The "Memory Pieces" (1992-1997) have a bit more in the way of motoristic movement, sometimes marimba-istic figuration that is more typically classic minimalist. Yet it is not linear, post-African trance groove that is coming out of the figurations for the most part. For the first piece it's a matter of rolling wide-interval trills (to stretch a term) that together form an overarching melodic movement that has a slower, more majestic trajectory. The second piece calls for rapidly articulated arpeggiations that again don't have groove as the intent, but rather verticalized harmonic sequences. Piece three is a kind of largo. Piece four slows the trill idea down and makes each pulse a more fortissimo chordal block. Number five is mercurial, a kind of drumming on the piano with Lang's own sort of rudiment-like execution. Six slows things down again for some delicate interlocking sequences of expressive meditation. Seven is a whirlwind of rapid cycles of piano drumming. The final piece returns in some ways to the feeling of the first, a kind of slower series of related melodic cycles, this time in the middle range of the piano, with punctuations in the upper and lower registers.

Pianist Andrew Zolinsky realizes the parts with a restrained poeticism that seems right for these two works.

This is music that keeps my interest while playing upon the more positive emotional affects that the solo piano has often evoked from the days of Mozart onwards. It should find a good number of adherents, I would think. And it is some of David Lang's most intimate and appealing music to date.

Wednesday, November 30, 2011

Ars Nova Copenhagen, Paul Hillier, "A Bridge of Dreams": Modern Choral Music from the Pacific Rim

Paul Hillier happens to be the world's premier choral conductor to my way of thinking. As principal conductor and musical director of the choral group Ars Nova Copenhagen he shows himself as champion of new music that has been heavily influenced by early and/or archaic musical forms, an important trend from the last half of the 20th century through to today. The new CD A Bridge of Dreams (Ars Nova 6.220597) puts Hillier and the marvelous choral group in a rather wondrous zone for a program of music that shows the influences of both the classical past and the East Pacific. Subtitled a cappella Music from the Pacific Rim, for this CD the idea is that all composers-works represented here have important multiple associations with the coastal Pacific. All the composers hail from Australia, New Zealand, California, or China, respectively, and all in some way or another address Eastern Pacific thematics.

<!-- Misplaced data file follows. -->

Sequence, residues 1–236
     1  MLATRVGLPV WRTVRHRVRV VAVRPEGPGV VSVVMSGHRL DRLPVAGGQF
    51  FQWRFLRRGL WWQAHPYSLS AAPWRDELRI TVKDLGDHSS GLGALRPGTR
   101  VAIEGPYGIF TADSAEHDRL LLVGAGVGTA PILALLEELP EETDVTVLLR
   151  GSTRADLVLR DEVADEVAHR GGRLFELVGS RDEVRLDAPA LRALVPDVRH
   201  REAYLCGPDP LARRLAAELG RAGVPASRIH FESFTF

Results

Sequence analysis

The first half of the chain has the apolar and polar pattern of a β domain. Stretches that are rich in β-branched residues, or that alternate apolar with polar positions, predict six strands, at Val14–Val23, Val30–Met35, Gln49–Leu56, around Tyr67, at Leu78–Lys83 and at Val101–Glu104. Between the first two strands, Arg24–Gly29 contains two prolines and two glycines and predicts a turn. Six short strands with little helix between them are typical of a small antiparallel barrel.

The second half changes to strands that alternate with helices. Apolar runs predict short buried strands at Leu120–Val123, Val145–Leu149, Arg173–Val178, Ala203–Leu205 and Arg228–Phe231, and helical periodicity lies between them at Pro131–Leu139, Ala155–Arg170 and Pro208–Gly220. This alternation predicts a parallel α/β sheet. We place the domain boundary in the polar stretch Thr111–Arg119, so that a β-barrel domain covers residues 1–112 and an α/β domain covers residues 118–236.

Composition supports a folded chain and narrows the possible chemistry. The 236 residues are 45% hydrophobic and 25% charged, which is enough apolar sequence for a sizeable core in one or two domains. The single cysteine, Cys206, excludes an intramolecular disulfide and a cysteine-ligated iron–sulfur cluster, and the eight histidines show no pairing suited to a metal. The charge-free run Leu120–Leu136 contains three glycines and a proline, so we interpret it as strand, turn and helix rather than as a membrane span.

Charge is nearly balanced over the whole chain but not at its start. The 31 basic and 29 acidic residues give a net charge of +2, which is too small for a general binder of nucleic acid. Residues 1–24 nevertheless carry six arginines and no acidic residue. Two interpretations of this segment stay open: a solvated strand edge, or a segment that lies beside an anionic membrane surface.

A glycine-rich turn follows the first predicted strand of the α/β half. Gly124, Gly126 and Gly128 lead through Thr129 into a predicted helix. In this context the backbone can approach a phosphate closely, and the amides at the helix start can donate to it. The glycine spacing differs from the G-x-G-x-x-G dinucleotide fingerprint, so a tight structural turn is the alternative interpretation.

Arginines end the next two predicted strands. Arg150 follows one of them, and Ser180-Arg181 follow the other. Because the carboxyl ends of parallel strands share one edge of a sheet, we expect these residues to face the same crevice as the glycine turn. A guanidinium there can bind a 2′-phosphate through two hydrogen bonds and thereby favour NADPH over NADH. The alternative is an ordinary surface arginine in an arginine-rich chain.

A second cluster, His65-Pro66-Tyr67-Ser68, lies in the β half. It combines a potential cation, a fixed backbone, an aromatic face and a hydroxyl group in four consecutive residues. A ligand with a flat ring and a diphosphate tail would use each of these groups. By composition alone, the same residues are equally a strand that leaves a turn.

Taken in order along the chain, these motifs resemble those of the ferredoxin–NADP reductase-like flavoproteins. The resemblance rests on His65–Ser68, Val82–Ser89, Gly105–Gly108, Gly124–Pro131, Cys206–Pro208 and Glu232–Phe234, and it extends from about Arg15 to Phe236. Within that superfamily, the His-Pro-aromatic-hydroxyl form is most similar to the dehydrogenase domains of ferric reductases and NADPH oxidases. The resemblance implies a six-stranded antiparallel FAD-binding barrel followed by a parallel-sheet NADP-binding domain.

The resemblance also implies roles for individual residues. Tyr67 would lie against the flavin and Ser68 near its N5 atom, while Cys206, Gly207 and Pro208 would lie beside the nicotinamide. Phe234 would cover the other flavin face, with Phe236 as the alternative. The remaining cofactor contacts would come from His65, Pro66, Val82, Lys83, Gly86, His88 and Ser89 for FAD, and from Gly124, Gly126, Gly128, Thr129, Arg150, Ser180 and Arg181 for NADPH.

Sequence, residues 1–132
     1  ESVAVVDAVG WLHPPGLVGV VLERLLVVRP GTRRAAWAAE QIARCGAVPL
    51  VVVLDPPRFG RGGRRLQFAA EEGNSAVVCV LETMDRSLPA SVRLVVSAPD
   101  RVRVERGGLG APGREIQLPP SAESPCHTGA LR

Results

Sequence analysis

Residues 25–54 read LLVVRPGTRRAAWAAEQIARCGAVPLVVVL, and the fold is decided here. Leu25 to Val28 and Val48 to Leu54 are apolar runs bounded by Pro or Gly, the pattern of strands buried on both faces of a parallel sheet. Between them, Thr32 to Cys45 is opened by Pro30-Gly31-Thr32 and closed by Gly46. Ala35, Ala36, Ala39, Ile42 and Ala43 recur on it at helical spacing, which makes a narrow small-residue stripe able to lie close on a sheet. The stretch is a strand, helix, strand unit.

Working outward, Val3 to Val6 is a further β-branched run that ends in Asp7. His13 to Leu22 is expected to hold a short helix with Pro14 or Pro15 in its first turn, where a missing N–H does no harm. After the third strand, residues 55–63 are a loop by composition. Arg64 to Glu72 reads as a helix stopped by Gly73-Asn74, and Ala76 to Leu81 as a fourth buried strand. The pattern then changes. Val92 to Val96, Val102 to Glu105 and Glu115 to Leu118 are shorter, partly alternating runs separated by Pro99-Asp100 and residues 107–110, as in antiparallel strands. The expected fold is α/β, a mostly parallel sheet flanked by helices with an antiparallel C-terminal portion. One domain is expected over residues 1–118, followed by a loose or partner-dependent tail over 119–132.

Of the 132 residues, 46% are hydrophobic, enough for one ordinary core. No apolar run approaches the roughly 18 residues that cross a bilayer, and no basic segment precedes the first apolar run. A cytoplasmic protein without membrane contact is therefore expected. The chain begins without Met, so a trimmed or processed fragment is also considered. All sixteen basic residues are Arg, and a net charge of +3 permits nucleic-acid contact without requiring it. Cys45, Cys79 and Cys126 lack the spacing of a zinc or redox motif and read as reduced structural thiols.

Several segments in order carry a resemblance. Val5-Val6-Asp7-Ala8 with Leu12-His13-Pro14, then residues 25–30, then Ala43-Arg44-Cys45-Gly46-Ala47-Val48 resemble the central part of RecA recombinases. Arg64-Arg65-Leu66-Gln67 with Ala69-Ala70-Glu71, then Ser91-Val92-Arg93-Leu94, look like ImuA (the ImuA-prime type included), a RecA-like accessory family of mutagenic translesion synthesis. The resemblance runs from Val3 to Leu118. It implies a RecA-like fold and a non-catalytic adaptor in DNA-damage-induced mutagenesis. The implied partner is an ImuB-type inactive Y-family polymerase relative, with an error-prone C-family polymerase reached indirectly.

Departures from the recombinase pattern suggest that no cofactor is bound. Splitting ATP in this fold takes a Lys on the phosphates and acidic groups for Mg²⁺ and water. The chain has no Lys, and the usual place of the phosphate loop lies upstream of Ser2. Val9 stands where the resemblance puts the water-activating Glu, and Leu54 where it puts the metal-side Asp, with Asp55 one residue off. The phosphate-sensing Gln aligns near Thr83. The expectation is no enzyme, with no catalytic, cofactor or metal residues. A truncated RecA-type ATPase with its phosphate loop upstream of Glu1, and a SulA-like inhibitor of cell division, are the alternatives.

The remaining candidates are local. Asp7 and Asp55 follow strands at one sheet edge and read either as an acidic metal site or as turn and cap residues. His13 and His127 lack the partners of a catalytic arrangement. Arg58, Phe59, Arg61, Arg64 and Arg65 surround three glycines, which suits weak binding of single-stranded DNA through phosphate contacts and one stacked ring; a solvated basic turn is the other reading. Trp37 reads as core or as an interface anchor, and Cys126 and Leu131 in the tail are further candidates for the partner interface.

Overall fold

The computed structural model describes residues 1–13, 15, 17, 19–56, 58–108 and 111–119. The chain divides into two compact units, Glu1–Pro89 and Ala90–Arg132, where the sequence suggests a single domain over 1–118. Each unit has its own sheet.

Lou Harrison's Mass for Saint Cecilia's Day is a work from his later period (1983) utilizing transformations of Gregorian Chant, resituated in part within Chinese and Balinese tonality. Ann Boyd's enchanted A Bridge of Dreams is based on an anonymous Medieval Japanese Woman's text of the same name. Jack Body's Five Lullabies have a strong medieval polyphonic influence as well as traditional Chinese elements. Ross Edwards combines psalm texts with aboriginal bird names for Sacred Kingfisher Psalms. Finally Chinese composer Liu Sola gives us The Seafarer, a suite from his opera The Afterlife of Li Jiantong.